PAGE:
35 | Winter 2016
iabetes occurs when our bodies fail to
use blood sugar (glucose) effectively. Type
2 diabetes is the most common form,
accounting for up to 95 percent of diagnosed
cases in adults. Cardiovascular disease (CVD) is the most
common cause of death among adults with diabetes.
Tips for Controlling CVD Risk
LIVE YOUR BEST LIFESTYLE
Lifestyle factors are key to managing CVD risk in
those with diabetes. Proper nutrition, physical activity and
weight management are the basics, as usual.
The types of exercise may be as important as
the amount of exercise in diabetes. A randomized,
controlled trial of 262 sedentary people with diabetes
demonstrated that those who combined resistance and
aerobic training had lower glucose measurements than
others who either didn’t exercise, did only resistance
training or only aerobic training.
Fruits and vegetables, low-fat dairy and reduced
saturated fat should be emphasized for those with diabetes.
Individualized medical nutritional therapy that focuses on
calories and carbohydrates is also recommended. There is
evidence that the DASH, Mediterranean, low-fat or modified-carbohydrate diets were effective in controlling blood sugar
and lowering CVD risk. People with diabetes often have
trouble with higher triglycerides (fats in the blood) and lower
HDL (good) cholesterol. As a result, they should limit alcohol,
eat less saturated and trans fats and eat less added sugar.
Practicing the dietary and physical activity
recommendations is the best way to achieve a healthy
weight. Restricting calories and increasing daily physical
activity, including regular aerobic activity three to five days
a week, are practical and proven steps to losing pounds.
There is also evidence that self-monitoring by weighing more
often is associated with better weight loss and maintenance.
High blood pressure increases the risk of heart attack,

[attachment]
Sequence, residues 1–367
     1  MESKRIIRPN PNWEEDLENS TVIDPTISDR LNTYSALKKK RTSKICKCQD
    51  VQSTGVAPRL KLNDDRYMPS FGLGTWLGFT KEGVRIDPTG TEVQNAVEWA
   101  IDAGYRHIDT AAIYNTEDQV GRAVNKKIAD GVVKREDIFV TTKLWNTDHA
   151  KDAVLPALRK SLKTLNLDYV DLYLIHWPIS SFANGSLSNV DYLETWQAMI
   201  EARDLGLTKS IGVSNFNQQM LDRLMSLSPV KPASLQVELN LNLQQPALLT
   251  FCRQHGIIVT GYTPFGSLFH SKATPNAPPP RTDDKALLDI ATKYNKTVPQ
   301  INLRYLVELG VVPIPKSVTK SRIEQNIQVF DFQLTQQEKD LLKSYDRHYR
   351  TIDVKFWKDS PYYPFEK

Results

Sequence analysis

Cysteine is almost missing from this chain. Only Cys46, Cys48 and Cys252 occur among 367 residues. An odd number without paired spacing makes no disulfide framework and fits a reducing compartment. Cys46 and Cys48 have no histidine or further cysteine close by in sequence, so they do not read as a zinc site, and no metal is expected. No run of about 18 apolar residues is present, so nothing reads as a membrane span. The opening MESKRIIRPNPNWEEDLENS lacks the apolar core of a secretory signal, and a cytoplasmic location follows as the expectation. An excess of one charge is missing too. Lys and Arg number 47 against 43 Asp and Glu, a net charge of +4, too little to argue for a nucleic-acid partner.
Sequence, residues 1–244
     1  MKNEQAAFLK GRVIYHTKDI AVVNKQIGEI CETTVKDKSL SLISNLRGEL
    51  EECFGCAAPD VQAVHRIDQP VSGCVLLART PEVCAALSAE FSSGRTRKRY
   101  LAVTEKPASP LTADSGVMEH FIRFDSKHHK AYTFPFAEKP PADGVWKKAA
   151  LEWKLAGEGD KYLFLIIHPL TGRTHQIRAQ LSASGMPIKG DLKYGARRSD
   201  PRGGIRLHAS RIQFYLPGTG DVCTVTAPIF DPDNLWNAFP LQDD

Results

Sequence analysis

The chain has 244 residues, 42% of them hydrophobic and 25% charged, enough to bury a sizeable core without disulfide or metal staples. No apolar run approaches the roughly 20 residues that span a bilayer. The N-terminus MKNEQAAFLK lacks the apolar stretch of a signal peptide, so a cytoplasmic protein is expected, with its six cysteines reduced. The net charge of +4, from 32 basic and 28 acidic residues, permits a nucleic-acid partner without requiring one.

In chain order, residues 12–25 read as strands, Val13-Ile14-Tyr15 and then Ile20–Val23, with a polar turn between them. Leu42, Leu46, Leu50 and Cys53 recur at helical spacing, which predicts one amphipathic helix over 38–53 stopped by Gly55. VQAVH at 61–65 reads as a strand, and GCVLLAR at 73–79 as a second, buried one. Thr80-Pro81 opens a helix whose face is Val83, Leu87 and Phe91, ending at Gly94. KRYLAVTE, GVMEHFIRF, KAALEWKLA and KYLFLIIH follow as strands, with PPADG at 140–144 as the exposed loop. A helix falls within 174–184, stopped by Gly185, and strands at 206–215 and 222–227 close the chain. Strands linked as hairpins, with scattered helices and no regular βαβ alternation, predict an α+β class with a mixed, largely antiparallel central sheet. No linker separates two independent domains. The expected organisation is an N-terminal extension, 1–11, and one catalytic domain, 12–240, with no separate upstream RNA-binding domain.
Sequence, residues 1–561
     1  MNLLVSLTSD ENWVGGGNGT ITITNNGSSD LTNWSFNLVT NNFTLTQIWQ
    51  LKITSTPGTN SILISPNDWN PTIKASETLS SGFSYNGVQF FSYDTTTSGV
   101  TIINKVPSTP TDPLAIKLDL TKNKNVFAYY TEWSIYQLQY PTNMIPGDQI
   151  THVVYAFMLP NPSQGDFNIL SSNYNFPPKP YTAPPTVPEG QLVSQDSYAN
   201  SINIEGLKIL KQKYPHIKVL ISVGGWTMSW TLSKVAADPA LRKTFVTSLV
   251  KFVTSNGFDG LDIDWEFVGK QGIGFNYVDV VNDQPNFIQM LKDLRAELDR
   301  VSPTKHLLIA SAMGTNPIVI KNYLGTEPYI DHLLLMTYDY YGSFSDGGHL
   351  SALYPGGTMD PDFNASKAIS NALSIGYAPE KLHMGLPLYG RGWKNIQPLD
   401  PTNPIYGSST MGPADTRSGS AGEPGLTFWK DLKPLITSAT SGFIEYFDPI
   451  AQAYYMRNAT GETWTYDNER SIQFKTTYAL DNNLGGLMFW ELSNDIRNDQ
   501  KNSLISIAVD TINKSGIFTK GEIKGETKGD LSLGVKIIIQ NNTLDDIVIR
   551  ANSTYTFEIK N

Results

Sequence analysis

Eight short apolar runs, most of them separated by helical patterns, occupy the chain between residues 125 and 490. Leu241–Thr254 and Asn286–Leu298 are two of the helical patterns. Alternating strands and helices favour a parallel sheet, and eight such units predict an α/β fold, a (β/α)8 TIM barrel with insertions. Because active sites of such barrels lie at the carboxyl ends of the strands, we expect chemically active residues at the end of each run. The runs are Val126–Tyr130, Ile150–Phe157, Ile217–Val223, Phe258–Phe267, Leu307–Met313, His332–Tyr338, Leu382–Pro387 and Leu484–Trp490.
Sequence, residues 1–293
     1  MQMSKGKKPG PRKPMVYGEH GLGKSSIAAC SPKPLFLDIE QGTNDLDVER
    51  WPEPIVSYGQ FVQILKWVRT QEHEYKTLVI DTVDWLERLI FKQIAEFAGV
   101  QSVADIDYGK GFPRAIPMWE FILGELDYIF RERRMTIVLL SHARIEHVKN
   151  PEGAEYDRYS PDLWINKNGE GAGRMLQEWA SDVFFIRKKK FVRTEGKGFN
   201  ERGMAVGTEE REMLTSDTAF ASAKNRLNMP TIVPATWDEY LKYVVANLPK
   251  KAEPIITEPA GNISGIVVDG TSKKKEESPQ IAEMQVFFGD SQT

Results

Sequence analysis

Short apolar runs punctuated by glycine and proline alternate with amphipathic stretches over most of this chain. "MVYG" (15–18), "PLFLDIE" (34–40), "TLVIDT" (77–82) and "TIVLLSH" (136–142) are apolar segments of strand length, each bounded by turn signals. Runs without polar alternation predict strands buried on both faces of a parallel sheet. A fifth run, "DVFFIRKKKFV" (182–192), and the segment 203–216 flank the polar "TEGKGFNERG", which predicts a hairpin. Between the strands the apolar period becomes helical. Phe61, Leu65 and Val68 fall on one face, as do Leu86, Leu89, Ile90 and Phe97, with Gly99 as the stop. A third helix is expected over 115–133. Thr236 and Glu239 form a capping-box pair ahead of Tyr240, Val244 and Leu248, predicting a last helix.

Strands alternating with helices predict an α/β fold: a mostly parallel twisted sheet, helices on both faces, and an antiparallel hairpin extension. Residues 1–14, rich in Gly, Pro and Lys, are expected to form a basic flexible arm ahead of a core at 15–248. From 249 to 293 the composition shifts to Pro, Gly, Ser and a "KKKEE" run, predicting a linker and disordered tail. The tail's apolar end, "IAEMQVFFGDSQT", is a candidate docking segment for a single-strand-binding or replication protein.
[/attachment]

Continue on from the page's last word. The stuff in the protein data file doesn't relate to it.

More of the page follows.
stroke, heart failure, kidney failure and eye problems. It is
recommended that most people with diabetes maintain
a blood pressure of less than 140/90 mm Hg. Following
the lifestyle recommendations for nutrition and physical
activity may help keep blood pressure under control. The
American Heart Association recommends a daily sodium
intake of no more than 1,500 mg as well.
Lowering LDL (bad) cholesterol decreases CVD risk in
diabetes patients. People with diabetes should have their
cholesterol checked at least once a year. Lifestyle changes
— eating less saturated and trans fat, losing weight, eating
more dietary fiber and being active — are recommended.
These lifestyle changes, especially weight reduction,
have been shown to improve most components of the
cholesterol profile in diabetes patients.
It is recommended that all patients between 40 and 75
with diabetes and LDL-C levels between 70 and 189 mg/
dL should be treated with a statin.
BLOOD SUGAR CONTROL
Though important for other reasons, blood glucose
control itself provides only a modest reduction in major
CVD outcomes and no significant effect on death rates.
Treating other risk factors resulted in greater benefits to
CVD risk for diabetes patients.
Excerpted and adapted from Controlling Your Risk When You Have
Diabetes, from Heart Insight Spring 2016.
Helping People with Type 2
Diabetes Control CVD Risk